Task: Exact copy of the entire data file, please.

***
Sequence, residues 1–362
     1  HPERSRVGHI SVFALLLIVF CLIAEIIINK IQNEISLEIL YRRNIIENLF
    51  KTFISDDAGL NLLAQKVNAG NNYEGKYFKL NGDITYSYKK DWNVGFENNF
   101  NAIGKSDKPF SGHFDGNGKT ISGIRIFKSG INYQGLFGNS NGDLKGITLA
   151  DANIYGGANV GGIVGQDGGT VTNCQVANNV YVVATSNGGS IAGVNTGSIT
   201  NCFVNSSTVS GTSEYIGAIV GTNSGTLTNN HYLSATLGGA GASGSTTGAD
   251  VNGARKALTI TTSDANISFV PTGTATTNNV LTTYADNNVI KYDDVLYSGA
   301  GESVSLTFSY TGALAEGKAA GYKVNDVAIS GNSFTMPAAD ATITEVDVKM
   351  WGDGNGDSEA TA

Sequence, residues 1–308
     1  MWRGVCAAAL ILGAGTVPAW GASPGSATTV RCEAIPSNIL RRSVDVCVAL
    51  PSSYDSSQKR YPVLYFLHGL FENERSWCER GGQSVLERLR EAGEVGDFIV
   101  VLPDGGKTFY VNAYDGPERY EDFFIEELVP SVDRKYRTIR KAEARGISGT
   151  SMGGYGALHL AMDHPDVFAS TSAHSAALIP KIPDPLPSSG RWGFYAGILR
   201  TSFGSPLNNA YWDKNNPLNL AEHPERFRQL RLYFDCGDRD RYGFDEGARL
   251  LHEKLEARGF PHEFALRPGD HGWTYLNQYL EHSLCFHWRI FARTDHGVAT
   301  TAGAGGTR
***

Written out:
Sequence, residues 1–362
     1  HPERSRVGHI SVFALLLIVF CLIAEIIINK IQNEISLEIL YRRNIIENLF
    51  KTFISDDAGL NLLAQKVNAG NNYEGKYFKL NGDITYSYKK DWNVGFENNF
   101  NAIGKSDKPF SGHFDGNGKT ISGIRIFKSG INYQGLFGNS NGDLKGITLA
   151  DANIYGGANV GGIVGQDGGT VTNCQVANNV YVVATSNGGS IAGVNTGSIT
   201  NCFVNSSTVS GTSEYIGAIV GTNSGTLTNN HYLSATLGGA GASGSTTGAD
   251  VNGARKALTI TTSDANISFV PTGTATTNNV LTTYADNNVI KYDDVLYSGA
   301  GESVSLTFSY TGALAEGKAA GYKVNDVAIS GNSFTMPAAD ATITEVDVKM
   351  WGDGNGDSEA TA

Sequence, residues 1–308
     1  MWRGVCAAAL ILGAGTVPAW GASPGSATTV RCEAIPSNIL RRSVDVCVAL
    51  PSSYDSSQKR YPVLYFLHGL FENERSWCER GGQSVLERLR EAGEVGDFIV
   101  VLPDGGKTFY VNAYDGPERY EDFFIEELVP SVDRKYRTIR KAEARGISGT
   151  SMGGYGALHL AMDHPDVFAS TSAHSAALIP KIPDPLPSSG RWGFYAGILR
   201  TSFGSPLNNA YWDKNNPLNL AEHPERFRQL RLYFDCGDRD RYGFDEGARL
   251  LHEKLEARGF PHEFALRPGD HGWTYLNQYL EHSLCFHWRI FARTDHGVAT
   301  TAGAGGTR